Natural Eye Care Methods: An Ayurvedic Doctor on Healthy Vision, Part 1

By Sri Sri Netra Jyoti┃Posted: February 10, 2019

They say the eyes are a window to the soul. While that’s true, our windows do so much. The burden we place on our eyes is tremendous, starting with an overexposure to gadgets from a young age. Keeping the eyes healthy and strong is simple - as long as we understand how our eyes work, and how our lifestyle impacts them.

Presenting the first of a three-part series that will help to start you on a journey toward healthy and strong eyes, Dr. Padmalochan shares insightful tips, debunks many myths and helps us understand the functioning of our eyes. Heading the Sri Sri Netra Jyoti department, Dr. Padmalochan has amassed an impressive body of work for the past 11 years.

An interview with an expert

Q: Today's lifestyle is dominated by the computer, television and the mobile phone. What are the consequences of this on our eyes? How can we keep the eyes healthy and strong?

Dr. Padmalochan: Yes, that’s very true. There are many things that one can do to keep the eyes healthy. These practices are very simple to follow.

Keep the computer screen below eye level. Adjust the contrast on the screen. If possible, make it zero with minimum brightness. Nowadays, people are addicted to high contrast and maximum brightness. Everyone is using the LED screen. Unfortunately, LED lights are very harmful to the retina. It’s extremely essential to use a good quality screen, especially since the usage is so high these days.

I would also recommend proper lighting when working on a computer. Avoid using a screen in dim light or at night. Instead of quiet/low light, use halo light.

Everybody must do palming exercise for the eyes. Just rub your hands and immediately put them on your eyes. Imagine complete darkness in front of you, like it's night time. Sit for five minutes and repeat the process. This is a very relaxing exercise and takes care of the eyes, naturally.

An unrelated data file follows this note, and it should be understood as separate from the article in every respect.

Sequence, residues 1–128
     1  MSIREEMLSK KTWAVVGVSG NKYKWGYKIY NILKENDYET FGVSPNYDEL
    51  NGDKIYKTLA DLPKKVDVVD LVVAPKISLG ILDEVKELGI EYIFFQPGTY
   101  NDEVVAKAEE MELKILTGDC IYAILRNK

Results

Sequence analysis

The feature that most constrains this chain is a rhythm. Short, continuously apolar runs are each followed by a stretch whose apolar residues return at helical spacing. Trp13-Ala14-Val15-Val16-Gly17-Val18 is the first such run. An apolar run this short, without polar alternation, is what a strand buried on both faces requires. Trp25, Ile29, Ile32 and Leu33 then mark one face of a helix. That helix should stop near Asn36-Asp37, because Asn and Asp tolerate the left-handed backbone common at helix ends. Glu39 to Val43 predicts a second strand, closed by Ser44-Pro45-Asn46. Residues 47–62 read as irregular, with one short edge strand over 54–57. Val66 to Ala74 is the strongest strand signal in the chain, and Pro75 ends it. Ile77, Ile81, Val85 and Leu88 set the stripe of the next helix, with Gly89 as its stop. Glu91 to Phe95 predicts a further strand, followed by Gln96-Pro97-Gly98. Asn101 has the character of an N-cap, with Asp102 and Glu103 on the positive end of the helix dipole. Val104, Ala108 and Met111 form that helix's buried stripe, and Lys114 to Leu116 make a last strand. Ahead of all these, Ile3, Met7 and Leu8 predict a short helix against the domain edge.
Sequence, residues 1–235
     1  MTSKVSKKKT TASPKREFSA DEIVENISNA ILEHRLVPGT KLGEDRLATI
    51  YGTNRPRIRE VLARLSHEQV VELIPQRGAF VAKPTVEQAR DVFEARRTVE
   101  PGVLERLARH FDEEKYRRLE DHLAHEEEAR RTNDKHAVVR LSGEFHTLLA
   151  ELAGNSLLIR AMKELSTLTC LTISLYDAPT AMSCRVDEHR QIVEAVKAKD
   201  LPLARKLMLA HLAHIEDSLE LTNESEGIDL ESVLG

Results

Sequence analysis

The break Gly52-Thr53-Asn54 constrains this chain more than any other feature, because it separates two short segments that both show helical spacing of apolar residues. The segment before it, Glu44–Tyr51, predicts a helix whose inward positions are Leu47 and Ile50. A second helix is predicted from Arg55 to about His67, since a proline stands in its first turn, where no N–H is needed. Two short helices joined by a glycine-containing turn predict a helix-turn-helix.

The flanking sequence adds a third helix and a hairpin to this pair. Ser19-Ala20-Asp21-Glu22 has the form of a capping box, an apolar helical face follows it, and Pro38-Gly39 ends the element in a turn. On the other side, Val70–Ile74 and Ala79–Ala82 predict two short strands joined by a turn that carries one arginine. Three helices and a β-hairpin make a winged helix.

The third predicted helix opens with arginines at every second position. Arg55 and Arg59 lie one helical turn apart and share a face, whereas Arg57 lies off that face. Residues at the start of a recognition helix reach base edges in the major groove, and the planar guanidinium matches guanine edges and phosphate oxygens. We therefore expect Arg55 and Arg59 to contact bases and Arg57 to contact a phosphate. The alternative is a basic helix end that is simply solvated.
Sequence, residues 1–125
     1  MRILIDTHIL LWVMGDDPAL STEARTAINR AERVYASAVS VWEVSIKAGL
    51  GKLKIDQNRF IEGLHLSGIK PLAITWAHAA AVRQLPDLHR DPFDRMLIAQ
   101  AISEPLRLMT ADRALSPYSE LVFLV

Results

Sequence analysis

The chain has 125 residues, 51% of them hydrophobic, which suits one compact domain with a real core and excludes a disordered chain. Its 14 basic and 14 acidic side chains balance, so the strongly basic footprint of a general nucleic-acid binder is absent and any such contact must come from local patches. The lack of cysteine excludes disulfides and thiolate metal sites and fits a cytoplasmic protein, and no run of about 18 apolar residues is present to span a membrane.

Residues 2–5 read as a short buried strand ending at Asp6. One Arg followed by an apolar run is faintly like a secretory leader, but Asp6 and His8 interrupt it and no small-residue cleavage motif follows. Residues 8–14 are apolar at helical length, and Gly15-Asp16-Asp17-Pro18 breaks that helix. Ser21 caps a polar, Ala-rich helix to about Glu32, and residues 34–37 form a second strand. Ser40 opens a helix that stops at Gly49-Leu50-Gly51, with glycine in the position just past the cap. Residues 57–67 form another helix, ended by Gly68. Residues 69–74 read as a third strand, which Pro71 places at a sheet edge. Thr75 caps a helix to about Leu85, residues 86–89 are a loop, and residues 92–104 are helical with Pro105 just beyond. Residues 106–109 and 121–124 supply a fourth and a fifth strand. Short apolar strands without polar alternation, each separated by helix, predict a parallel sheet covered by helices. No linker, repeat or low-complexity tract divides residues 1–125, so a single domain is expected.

It’s best to restrict television viewing time to 15 to 30 minutes, especially for children. Also, sit at a distance which is at least ten times that of the screen size. Rest your head on a sofa and keep the eyes relaxed, half open. When the eyes are half open, the eyes tend to blink normally - which is once every five or six seconds. Sometimes, we’re so engrossed in watching something that we forget to blink our eyes.

Lastly, keep gadgets away when sleeping. If you can’t do so, then put them on airplane mode. This will reduce the radiation coming from them.

Glasses for everyone

Q: Nowadays so many people, even children, have started wearing glasses. Could you tell us something about this? Is it difficult to get rid of spectacles?

Dr. Padmalochan: Let me tell you, the number will keep increasing if someone starts wearing glasses. Why? Your eye muscle doesn’t need to work as its dependent on glasses. So the muscle becomes weaker, and the number increases further.

Sometimes the glasses are required to view objects that are far away. However, the doctor might ask you to wear the glasses all the time. The spectacles meant for distant viewing are used to view objects that are close-by. What happens? The eye is further strained, increasing your number.

After you start wearing glasses, 90 percent of the eyeball movement is stopped. Usually, you turn the eyes sideways when you want to view an object that is on the side. However, you turn your head around with glasses, for the same action.

I think we’re straining the eyes even more with spectacles. Instead, we’ve developed exercises and treatments to relax the eye muscles. Gradually, the number of problems will come down. We’re getting good results within an age group of 21 years. After 40 years, we can reduce the number of people with reading glasses.

The views in this Q&A belong to the individual. Part 2>>

Sri Sri Netra Jyoti is a unique research center that combines modern diagnosis of eyesight problems, ancient pulse diagnosis and specialized Ayurvedic medicine and herbal therapy.

This article was originally published by Art of Living, India.